There is absolutely nothing illegal about those apps. Senators stating they are illegal is an outright lie and violation of the 1st amendment. DUI checkpoints are in fact public knowledge because the public must be informed the checkpoints are in place, because they can prevent people from getting places on time. The general public is usually informed by putting in a newspaper. Because it is public knowledge, the apps are a extension of freedom of speech. It would be the same as an application that allows you to read newspaper articles on sports.

Re:Public Knowledge (1)

nomadic (141991) | more than 3 years ago | (#36388916)

Senators stating they are illegal is an outright lie and violation of the 1st amendment.

Nonsequitur.

more governmnet intervention (1)

roman_mir (125474) | more than 3 years ago | (#36388830)

so now the apps are 'illegal', and they are not even drugs or weapons.

Re:more governmnet intervention (1)

jo_ham (604554) | more than 3 years ago | (#36388928)

They're not illegal. The troll summary writer used the word illegal.

Not Apple! (1)

RottenJ (2060834) | more than 3 years ago | (#36388882)

I would think a company like Apple would respond differently to political pressure. Checkpoints to begin with skirt a fine line with the 4th amendment, being stopped by the police for no reason so they can observe you up-close and perform an interrogation. The last time I went through one of those things there must have been about 20 or 30 cops standing around. I would think having those guys driving around looking for erratic drivers would be a better use of resources.

Gov Official Reporting Apps (1)

future assassin (639396) | more than 3 years ago | (#36388950)

How about an app that you enter the name of a politician and you can enter details of something they have done that you heard about or check what others have reported about your favorite/hated officials. Info like where they are available in the public or where they are making public speeches just in-case you want to communicate with them or throw a sign at them.

Future US Gov APP agency? (0)

DigiShaman (671371) | more than 3 years ago | (#36388998)

Ahh, so now I know why Obama met with Steve Jobs. Maybe it was to create new federal agency with Apple behind its control?

Lets be creative shall we? It might be called APP = Apple Policy of Protection. Yup, there's an APP for that.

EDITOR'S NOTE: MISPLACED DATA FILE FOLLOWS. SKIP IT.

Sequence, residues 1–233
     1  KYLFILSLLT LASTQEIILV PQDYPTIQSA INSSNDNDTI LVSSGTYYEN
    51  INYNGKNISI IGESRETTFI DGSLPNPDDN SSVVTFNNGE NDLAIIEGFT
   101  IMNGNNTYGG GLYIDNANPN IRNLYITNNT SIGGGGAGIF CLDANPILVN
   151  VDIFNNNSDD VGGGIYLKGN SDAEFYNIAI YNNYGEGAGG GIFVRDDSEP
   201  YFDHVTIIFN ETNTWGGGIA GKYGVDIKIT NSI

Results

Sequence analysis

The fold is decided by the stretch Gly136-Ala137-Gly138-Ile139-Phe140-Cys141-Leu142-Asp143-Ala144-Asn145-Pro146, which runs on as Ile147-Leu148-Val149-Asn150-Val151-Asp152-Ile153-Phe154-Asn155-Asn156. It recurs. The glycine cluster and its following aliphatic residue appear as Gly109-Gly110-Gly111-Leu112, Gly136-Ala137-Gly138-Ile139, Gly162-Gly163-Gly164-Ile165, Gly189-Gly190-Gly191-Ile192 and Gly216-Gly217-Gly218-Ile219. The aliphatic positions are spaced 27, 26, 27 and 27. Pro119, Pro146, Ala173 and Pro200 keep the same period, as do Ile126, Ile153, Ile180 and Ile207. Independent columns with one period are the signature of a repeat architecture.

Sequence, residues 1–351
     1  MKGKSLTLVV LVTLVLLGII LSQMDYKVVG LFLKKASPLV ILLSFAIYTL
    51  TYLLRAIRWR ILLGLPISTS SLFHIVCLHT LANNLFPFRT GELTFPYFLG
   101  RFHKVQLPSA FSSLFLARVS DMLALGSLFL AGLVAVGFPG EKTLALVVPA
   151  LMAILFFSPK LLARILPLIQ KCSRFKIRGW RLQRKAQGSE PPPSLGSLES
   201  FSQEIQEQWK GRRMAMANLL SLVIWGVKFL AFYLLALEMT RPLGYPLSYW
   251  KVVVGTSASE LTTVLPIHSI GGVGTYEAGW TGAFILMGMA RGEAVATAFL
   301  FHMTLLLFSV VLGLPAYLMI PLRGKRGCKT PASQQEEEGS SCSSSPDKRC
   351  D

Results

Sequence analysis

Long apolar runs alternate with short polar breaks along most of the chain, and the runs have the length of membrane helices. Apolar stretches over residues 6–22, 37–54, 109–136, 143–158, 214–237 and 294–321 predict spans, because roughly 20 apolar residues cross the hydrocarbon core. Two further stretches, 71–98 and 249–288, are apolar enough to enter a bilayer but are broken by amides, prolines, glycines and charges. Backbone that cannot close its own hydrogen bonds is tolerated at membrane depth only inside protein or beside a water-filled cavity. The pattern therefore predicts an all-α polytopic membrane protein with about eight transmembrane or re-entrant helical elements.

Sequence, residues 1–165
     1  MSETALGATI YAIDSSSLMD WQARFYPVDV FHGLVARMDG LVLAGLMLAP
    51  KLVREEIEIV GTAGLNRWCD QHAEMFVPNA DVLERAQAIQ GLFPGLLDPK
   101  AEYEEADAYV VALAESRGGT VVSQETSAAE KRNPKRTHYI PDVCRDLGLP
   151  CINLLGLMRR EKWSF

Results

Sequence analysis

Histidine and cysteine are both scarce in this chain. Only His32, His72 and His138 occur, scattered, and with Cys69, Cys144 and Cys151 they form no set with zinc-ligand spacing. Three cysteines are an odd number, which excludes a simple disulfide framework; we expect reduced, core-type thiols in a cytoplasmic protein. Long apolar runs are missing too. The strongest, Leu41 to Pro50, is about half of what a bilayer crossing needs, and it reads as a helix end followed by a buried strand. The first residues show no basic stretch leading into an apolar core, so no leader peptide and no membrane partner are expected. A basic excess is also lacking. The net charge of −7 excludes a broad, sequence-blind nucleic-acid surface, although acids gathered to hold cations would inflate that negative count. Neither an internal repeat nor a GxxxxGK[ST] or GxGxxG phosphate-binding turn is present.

Some food for thought (0)

Anonymous Coward | more than 3 years ago | (#36389066)

http://www.reason.tv/video/show/banning-dui-apps

Seriously stupid knee-jerk reaction... (0)

Anonymous Coward | more than 3 years ago | (#36389106)

I freely admit I'm an Apple fanboy. I cut my ML/assembly teeth on an Apple //+ for cripes sake. Next to my *undying* love affair with my Commodore Amiga, Apple makes the coolest tech out there (I know, not a popular opinion here on slash, but my opinion nonetheless). Anyway, even for a lock-step-kool-aid-drinking-jobs-diciple like me, this is a really stupid move by Apple. You can find plenty of legitimate arguments for applications like this, just like you can find legitimate uses for bit-torrent, and legitimate uses for a 9mm handgun. Tools are simply tools (both the sense of inanimate objects and people). - Geo...

Sobriety (1)

Hellpop (451893) | more than 3 years ago | (#36389150)

What if I just want to avoid these checkpoints when I'm sober? If avoiding checkpoints is criminal then only criminals will avoid checkpoints.

Make sure those senators are not voted back in! (1)

plastick (1607981) | more than 3 years ago | (#36389162)

When I was 14, I watched my best friend get run over and drug 88 feet under a pickup truck by a drunk driver. I abhor drinking and driving. But it's wrong on Apple's part, and it's just edging us that much further into a police state with fewer and fewer liberties, freedom, free speech, or choices.

easy fix.. (1)

romanval (556418) | more than 3 years ago | (#36389284)

make it a mobile HTML5 web page with map overlay